At Viticus Group, we’ve seen assistants and technicians become more utilized at their practices and more involved in community leadership, growing their career into something even more fulfilling than they initially dreamed. Organized medicine provides so many opportunities for education and support, and they often team up with continuing education programs to help improve the industry.

In the veterinary and human medical field, there’s a specialty and a niche for everyone to has the desire. Finding that niche often involves attending a continuing education event where you learn about fields you don’t have experience in yet. Quality continuing education is the place to try out new areas of study you’re interested in to further your career.

#4: Provides Platform to Meet New People

Hands-on CE cultivates relationships and learning that last a lifetime. Take the Veterinary Anesthesia Nerds Symposium for example. Tasha McNerny started out as a veterinary technician aspiring to specialize in anesthesiology, reaching out through texting and social media to colleagues wanting to learn more. It turned into a community of thousands who now have their annual symposium at the Viticus Center to learn the latest innovations in veterinary anesthesia.

Continuing medical education seems to be more effective when it not only focuses on job-specific skills, but also when it “provides intellectual stimulation and fosters personal growth.” The same study found that medical professionals thrive personally and provide better care when they are working in a supportive environment.[2]

In other words, it’s not just about the education—it’s about the environment. Passionate, driven professionals create the kind of environment you thrive in, and expanding your network (and your opportunities) fosters personal growth.

Hands-on continuing education attracts those kinds of people. It’s the network and the environment you need to open doors and elevate the standard of care. It gets you in contact with the experts in your field in low participant-instructor ratios, giving you face-to-face opportunities that other CE activities can’t.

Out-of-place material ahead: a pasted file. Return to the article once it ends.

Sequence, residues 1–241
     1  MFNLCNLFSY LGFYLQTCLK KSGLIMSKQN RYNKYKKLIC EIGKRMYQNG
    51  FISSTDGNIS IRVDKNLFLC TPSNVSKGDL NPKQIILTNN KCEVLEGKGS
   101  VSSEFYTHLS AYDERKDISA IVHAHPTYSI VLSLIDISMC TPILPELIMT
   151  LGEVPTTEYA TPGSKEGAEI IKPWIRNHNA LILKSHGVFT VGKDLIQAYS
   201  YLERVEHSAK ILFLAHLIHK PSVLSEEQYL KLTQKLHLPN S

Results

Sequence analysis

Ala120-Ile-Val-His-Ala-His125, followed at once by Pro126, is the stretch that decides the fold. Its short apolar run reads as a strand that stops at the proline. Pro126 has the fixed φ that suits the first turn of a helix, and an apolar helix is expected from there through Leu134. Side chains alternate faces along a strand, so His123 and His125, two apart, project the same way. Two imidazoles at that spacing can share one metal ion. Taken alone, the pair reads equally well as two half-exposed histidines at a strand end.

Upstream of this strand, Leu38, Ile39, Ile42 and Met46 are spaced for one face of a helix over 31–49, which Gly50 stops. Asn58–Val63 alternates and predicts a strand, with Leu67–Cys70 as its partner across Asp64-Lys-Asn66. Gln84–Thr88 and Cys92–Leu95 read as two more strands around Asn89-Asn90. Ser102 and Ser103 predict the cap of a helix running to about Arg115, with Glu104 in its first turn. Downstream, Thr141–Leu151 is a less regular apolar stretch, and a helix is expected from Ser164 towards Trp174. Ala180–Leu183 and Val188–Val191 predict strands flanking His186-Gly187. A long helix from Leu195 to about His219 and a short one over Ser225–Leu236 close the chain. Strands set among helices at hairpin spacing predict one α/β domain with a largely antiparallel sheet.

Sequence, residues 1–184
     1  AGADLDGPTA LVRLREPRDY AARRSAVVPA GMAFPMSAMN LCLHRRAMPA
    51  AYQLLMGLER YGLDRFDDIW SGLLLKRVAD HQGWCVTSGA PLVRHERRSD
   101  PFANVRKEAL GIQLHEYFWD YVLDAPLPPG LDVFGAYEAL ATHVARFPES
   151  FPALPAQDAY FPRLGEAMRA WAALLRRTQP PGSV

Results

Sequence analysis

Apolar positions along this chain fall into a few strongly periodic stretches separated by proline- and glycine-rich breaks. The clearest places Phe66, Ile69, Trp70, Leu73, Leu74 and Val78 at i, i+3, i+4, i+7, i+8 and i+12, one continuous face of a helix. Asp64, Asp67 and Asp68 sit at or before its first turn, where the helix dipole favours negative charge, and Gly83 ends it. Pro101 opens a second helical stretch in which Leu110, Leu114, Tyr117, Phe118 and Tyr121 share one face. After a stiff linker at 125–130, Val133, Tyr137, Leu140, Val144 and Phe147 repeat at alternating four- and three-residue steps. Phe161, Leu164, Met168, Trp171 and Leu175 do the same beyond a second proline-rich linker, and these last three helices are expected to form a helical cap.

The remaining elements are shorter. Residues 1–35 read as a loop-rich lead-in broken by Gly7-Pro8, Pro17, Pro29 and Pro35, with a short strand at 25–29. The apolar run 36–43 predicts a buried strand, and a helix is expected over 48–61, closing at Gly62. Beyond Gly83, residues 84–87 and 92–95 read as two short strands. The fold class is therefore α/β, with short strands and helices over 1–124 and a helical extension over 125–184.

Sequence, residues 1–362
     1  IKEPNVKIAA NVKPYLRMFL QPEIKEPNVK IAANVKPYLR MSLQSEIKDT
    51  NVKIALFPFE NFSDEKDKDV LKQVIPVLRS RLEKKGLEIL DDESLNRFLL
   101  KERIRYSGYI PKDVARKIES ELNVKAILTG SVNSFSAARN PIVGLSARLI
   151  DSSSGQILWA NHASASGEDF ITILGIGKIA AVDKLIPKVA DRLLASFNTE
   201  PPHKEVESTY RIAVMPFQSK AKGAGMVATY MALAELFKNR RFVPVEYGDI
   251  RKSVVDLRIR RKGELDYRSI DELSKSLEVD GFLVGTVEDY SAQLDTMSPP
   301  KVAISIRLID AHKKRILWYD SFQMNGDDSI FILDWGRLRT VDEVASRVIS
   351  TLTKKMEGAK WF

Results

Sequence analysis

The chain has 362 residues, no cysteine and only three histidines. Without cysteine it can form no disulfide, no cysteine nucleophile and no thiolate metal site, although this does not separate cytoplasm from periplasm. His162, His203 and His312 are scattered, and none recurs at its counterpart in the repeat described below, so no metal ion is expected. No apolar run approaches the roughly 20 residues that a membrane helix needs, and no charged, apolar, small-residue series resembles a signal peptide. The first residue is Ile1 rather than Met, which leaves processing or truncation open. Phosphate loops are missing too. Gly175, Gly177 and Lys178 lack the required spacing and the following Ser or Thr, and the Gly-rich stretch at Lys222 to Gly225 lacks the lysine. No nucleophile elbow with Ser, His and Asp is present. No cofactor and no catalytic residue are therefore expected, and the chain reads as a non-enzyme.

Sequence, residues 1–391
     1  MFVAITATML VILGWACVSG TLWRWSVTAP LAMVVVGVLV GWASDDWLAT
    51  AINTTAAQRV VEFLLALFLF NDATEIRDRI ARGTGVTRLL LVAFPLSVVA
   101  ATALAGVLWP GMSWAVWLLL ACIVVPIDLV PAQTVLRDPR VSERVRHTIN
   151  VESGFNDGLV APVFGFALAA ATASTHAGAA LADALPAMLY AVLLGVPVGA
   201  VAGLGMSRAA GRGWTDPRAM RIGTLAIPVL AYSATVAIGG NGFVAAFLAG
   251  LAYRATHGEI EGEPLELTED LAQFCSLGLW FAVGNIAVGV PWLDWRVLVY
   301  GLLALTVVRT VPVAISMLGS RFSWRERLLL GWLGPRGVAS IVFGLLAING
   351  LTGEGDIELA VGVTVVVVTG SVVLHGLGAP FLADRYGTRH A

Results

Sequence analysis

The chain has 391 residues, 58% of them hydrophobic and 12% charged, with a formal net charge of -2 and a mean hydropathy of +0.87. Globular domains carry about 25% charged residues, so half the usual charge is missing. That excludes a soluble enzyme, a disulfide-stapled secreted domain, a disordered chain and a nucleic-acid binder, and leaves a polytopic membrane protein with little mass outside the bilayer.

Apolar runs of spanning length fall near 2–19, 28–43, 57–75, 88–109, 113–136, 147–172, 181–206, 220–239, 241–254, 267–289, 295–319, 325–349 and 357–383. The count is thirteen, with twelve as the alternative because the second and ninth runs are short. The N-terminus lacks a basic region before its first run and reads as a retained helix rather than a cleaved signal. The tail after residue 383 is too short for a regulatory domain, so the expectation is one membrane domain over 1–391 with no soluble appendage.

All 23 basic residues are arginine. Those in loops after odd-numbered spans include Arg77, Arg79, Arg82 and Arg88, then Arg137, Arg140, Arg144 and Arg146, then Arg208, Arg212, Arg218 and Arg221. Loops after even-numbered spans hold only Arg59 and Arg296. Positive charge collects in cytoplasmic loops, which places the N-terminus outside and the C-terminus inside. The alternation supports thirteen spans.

#5: Leads to Better Patient Care

All in all, these factors come together to produce better patient care. And what better effect is there?

If you needed another reason to believe in the virtues of continuing education, here’s another study closely looking at the effectiveness of CME activities. It found that CME does improve physician performance and patient health outcomes. More specifically, CME leads to greater improvement in physician performance and patient health if it’s more interactive, uses more methods, involves multiple exposures, is longer, and is focused on outcomes that are considered important by physicians.

Next time you find yourself needing continuing education credits, keep in mind the different formats of CE programs and what a more hands-on approach can do for you, your career, and your patients.

[1] Davis D, O'Brien MAT, Freemantle N, Wolf FM, Mazmanian P, Taylor-Vaisey A. Impact of Formal Continuing Medical Education: Do Conferences, Workshops, Rounds, and Other Traditional Continuing Education Activities Change Physician Behavior or Health Care Outcomes? JAMA. 1999;282(9):867–874. doi:https://doi.org/10.1001/jama.282.9.867

[2] McMahon GT, Skochelak SE. Evolution of Continuing Medical Education: Promoting Innovation Through Regulatory Alignment. JAMA. 2018;319(6):545–546. doi:https://doi.org/10.1001/jama.2017.19954

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Tags: Human Health